Insight – Supplying India’s growing food and grocery retail sector

Australian food businesses will find a warm reception in India, where the expanding middle class population, modern retail formats and entry of international e-commerce platforms are driving growth in the country’s food and grocery (F&G) retail sector.

According to Boston Consulting Group, India is projected to become the world’s third largest consumer economy by 2025[1]. The country’s economy grew 6.7 per cent in the fiscal year ending March 2018, and 7.7 per cent for the January to March 2018 quarter[2].

Of India’s 1.3 billion population, it is the nation’s rapidly growing middle class that presents Australian F&G producers and retailers with the strongest opportunities. Each year, India’s middle class adds approximately 20 million people to its ranks. There has been an increase in double-income households driving consumption and customer aspiration.

F&G sector set for growth

India’s F&G retail business was worth an estimated US$380 billion as of 2017[3]. The F&G market is reportedly growing at 15 per cent per annum and is projected to double by 2020[4]. The modern food retail sector is valued at 2 per cent of the total market, but this is expected to change significantly by 2025 when the sector is expected to capture at least 3.2 per cent of the F&G market and be worth US$52 billion, growing at a CAGR of 22.5 per cent from current levels.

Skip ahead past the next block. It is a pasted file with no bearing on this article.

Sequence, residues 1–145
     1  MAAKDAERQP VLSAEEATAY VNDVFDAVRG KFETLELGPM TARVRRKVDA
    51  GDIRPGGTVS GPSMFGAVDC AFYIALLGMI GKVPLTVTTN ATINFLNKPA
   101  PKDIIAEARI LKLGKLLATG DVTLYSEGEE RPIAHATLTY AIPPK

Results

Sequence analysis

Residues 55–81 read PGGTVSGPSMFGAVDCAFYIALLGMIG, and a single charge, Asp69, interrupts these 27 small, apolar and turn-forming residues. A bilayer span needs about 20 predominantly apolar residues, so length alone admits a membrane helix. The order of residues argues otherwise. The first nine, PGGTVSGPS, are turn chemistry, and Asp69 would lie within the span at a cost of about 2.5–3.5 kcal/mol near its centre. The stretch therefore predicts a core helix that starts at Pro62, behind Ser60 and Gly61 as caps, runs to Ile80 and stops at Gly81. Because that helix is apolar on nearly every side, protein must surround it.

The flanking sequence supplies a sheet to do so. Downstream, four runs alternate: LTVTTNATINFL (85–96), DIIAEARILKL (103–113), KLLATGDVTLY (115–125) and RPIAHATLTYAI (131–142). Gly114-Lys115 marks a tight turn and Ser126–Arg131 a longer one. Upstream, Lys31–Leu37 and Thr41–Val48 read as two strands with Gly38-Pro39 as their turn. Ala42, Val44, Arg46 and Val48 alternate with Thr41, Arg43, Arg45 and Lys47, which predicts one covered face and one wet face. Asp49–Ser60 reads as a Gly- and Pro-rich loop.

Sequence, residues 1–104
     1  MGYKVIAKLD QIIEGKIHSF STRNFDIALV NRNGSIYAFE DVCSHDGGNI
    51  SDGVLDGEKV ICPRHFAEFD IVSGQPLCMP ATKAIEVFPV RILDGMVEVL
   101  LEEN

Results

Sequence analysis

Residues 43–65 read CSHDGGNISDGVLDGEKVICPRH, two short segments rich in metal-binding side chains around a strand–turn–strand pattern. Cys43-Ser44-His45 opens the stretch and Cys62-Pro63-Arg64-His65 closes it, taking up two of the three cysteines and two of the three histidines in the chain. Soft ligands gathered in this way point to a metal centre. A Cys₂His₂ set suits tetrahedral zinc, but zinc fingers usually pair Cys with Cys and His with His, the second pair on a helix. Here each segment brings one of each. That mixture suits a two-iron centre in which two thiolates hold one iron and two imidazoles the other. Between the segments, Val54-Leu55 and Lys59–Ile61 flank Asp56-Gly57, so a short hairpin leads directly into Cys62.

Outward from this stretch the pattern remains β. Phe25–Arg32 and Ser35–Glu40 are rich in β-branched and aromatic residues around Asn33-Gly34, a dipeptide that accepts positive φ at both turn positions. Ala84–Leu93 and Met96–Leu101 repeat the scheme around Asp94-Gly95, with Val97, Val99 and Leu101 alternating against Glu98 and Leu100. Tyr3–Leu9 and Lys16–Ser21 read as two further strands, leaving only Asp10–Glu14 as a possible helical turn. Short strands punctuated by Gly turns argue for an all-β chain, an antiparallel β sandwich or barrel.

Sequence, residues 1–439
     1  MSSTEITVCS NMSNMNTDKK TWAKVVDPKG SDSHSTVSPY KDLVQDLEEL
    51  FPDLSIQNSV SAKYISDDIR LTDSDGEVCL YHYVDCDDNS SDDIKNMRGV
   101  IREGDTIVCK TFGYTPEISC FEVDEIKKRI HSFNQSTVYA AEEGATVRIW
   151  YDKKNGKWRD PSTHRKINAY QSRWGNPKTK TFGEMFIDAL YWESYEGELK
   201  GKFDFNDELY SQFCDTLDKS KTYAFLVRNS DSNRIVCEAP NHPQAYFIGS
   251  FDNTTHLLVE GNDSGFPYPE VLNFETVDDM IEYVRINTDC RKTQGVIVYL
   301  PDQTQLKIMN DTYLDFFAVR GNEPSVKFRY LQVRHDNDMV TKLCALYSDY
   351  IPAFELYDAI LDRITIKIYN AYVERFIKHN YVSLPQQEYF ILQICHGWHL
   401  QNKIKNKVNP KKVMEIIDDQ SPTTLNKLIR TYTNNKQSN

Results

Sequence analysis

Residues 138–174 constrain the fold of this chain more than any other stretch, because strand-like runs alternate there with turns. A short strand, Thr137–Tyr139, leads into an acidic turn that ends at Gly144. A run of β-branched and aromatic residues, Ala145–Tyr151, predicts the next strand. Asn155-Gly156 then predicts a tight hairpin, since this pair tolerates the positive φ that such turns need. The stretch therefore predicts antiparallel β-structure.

The volume of food categories imported into India is rapidly increasing. The size of the imported food category more than doubled (x2.65 times) from US$1.7 billion in 2009 to US$4.5 billion in 2015–16[5], despite a strong domestic food processing sector, a changing regulatory environment and high import tariffs of 30 per cent to 50 per cent.

This growth can be attributed to the rapidly growing exposure of Indian consumers to international food concepts, brands and cuisines. Between 2012 and 2016, the number of Indians travelling internationally increased from 15 million to 22 million[6]. The growing diaspora is also making a difference to F&G tastes. There are around 455,000 Indians living in Australia with extended families in India.

According to Euromonitor, a conservative estimated target market for high-quality imported foods is approximately 30 million Indians with propensity to spend over US$30,000 per year, and another 4.8 million Indians with annual incomes in excess of US$150,000 (960,000 households with five members each)[7]. This is a target market for Australian premium F&G.

The dynamics affecting India’s F&G sectors include:

  • a young population with growing affluence
  • a growing middle class who travel internationally and gain exposure to different cuisines